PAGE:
Citizenship & Naturalization Attorney

  • Representation at Interviews
  • Waiver for the Medical Exam
  • Waiver for the Language Exam
  • Help with past criminal issues
  • Request for reconsideration at a new interview
  • Help with tax issues
  • Determining eligibility due to extensive travel

If you have been a Legal Permanent Resident for at least five years, you may be eligible to become a citizen through naturalization. There are several requirements, including being 18 years old, having continuous residence in the U.S., and being able to pass a civics and history test in English. The most common reasons people get denied include having some tax issues, owing child support, having been arrested, or traveling too much. For example, being arrested even if you weren’t convicted could be a reason for denial! It’s very important that you consult with an immigration attorney BEFORE you apply to make sure you are a good candidate for naturalization.

If you are having problems learning English or studying for the civics portion of the citizenship exam because of physical or developmental disability or mental impairment, you may be eligible for a waiver so that you perform the exam in your native language or so that you do not have to do the exam at all.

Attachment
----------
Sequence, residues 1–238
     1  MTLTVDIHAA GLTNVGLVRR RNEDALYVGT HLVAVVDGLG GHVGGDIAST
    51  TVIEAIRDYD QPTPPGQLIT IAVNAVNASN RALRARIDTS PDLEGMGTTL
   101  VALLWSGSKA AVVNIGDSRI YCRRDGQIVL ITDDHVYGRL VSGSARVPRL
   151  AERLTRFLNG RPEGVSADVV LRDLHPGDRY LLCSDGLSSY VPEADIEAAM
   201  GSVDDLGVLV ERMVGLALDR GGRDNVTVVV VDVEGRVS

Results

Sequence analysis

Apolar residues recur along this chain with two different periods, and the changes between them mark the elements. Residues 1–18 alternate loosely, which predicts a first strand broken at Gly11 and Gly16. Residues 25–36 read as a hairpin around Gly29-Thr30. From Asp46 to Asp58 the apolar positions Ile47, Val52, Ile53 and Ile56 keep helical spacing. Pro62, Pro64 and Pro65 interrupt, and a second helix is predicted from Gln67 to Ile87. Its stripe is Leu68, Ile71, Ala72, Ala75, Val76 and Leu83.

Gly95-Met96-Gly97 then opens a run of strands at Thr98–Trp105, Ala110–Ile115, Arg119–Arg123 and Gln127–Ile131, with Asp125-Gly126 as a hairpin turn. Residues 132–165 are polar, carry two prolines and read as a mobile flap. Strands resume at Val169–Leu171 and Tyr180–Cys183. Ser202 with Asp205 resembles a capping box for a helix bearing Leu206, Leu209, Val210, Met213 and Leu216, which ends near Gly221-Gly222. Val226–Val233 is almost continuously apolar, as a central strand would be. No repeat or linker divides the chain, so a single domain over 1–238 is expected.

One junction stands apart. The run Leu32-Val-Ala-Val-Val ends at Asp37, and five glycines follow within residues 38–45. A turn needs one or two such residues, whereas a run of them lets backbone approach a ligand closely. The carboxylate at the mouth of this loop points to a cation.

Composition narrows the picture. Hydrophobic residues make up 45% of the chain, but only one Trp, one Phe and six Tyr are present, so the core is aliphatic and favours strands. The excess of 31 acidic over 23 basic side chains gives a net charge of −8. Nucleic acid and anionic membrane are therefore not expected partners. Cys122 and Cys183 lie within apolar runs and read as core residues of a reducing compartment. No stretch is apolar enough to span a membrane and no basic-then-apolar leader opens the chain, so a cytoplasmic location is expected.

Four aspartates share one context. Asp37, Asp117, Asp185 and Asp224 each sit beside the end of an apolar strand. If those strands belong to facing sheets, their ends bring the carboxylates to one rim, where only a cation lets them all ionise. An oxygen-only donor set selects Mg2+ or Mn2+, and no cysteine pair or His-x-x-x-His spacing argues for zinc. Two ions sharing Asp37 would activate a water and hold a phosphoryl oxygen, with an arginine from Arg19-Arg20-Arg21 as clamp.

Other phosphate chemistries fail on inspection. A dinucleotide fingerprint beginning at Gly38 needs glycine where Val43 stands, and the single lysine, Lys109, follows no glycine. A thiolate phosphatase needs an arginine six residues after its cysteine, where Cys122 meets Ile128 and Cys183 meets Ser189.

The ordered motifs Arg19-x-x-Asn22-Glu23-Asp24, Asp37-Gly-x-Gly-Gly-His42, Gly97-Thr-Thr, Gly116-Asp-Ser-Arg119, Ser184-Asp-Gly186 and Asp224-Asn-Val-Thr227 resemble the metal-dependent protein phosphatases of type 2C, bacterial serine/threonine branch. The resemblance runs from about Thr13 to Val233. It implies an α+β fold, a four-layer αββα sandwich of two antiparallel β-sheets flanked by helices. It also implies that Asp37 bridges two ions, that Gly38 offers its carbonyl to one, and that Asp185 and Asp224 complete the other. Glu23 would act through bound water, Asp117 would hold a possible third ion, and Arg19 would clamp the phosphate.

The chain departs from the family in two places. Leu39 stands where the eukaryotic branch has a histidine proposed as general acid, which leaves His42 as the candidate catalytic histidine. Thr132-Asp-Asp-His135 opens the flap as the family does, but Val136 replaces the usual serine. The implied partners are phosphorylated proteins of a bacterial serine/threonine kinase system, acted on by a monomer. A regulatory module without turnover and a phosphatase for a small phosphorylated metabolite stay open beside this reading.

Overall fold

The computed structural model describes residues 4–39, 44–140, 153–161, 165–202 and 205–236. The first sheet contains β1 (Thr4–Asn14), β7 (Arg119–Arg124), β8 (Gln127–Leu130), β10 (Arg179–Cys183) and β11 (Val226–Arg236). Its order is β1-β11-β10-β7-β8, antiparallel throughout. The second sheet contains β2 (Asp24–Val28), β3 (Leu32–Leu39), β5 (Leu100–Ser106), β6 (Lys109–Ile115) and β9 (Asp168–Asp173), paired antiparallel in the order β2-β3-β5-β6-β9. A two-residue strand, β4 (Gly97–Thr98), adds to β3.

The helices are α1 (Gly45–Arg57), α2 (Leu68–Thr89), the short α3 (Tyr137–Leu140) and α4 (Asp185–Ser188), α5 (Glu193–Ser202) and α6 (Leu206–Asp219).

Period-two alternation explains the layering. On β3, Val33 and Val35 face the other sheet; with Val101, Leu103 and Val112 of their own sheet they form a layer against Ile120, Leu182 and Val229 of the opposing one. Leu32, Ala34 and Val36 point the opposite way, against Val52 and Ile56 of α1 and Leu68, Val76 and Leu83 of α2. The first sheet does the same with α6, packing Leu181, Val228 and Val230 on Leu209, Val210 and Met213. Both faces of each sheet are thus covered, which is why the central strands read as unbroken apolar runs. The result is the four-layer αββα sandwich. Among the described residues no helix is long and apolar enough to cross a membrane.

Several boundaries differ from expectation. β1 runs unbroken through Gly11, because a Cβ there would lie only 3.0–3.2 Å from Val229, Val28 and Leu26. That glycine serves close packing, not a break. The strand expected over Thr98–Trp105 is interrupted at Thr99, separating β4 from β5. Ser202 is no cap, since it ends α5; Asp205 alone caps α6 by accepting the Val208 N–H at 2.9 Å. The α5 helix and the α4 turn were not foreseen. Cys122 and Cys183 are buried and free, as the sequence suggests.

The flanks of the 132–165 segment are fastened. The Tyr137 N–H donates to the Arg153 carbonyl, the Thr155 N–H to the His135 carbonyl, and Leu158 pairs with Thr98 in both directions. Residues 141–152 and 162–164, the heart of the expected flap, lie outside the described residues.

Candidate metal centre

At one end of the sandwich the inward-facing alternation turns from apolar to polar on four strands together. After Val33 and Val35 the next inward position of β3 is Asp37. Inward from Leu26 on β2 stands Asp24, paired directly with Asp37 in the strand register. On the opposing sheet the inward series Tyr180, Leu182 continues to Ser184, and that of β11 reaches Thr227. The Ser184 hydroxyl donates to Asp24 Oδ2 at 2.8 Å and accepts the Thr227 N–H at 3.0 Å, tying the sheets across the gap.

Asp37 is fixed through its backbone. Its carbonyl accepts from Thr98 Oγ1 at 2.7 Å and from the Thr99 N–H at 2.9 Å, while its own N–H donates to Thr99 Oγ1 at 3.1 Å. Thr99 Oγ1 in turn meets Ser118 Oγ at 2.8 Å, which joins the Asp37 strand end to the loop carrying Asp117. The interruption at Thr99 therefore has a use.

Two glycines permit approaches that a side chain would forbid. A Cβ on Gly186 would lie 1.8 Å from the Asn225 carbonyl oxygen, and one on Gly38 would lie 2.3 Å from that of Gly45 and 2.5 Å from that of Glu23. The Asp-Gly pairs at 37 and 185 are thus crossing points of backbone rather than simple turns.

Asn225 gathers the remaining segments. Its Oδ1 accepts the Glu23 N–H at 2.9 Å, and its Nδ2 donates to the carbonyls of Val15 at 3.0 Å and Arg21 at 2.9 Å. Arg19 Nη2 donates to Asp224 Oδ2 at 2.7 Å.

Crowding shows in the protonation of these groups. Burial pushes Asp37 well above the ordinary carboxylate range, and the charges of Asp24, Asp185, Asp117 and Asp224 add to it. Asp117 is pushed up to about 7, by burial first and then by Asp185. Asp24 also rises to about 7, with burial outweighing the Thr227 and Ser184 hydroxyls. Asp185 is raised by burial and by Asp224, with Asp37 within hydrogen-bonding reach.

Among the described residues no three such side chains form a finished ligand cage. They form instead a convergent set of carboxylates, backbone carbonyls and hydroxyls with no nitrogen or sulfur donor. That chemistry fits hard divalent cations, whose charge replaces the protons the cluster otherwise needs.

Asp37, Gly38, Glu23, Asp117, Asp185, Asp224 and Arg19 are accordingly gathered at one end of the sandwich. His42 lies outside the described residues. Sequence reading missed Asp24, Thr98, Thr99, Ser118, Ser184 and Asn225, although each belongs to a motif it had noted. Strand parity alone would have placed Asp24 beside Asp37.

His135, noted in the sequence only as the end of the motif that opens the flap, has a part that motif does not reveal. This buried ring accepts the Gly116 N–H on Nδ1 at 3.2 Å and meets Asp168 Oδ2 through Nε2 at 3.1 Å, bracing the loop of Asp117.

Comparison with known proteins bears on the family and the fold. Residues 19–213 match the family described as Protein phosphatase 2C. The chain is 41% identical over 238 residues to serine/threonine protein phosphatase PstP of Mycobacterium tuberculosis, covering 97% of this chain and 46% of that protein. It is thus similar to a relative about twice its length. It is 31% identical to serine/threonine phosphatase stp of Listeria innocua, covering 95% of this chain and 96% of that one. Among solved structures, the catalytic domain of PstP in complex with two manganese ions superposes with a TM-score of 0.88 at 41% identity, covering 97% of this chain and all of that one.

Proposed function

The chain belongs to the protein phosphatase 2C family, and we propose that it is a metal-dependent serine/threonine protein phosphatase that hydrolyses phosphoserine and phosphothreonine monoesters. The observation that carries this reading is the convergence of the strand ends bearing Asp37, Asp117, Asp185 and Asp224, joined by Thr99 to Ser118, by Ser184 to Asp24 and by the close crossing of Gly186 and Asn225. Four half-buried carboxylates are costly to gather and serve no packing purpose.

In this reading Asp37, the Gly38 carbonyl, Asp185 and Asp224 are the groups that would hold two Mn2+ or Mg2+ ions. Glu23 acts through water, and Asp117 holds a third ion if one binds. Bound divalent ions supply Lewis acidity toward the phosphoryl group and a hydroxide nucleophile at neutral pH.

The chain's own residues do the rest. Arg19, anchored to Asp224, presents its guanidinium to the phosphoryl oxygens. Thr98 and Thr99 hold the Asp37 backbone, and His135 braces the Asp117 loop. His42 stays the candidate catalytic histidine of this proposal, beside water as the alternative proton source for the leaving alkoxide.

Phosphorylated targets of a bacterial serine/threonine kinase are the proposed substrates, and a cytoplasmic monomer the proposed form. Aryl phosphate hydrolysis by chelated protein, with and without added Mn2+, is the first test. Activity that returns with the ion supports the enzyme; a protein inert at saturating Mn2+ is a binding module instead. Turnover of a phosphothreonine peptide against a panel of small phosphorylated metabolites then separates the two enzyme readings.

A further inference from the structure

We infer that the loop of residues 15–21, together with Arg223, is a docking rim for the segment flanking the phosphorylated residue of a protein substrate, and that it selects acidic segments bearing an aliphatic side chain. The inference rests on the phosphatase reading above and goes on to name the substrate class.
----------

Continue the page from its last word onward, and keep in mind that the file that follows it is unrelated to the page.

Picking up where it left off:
If you have extensively traveled while you were a resident, you may have some issues when applying for naturalization. In order to be eligible for citizenship an applicant must meet both the continuous presence and the physical presence requirements. Under the Continuous Residency requirement an applicant must generally be a continuous resident for five years subsequent to LPR status. INA §316(a), 8 U.S.C. §1427(a)(1); 8 C.F.R. §316.5 Residence is defined as “the same as that aliens domicile, or principal actual dwelling place, without regard to the aliens intent.” For certain applicants only three years of continuous residency is required. This includes lawful permanent residents living with spouses in marital union. It also includes applicants who originally obtained their green cards through employment, investment, other diversity visa lottery, but then married a U.S. citizen with the three years being counted from the date of marriage. Divorce, legal separation, death, or expatriation of the U.S. citizen spouse breaks the continuity and the three year eligibility even if the applicant marries anther U.S. citizen. This is an important point for applicants who are facing marital strife at the end of the three year mark. According to INA§334(a), applicants also need to have resided in “a State or Service district having jurisdiction over the applicants actual place of residence” for at least three months before filling.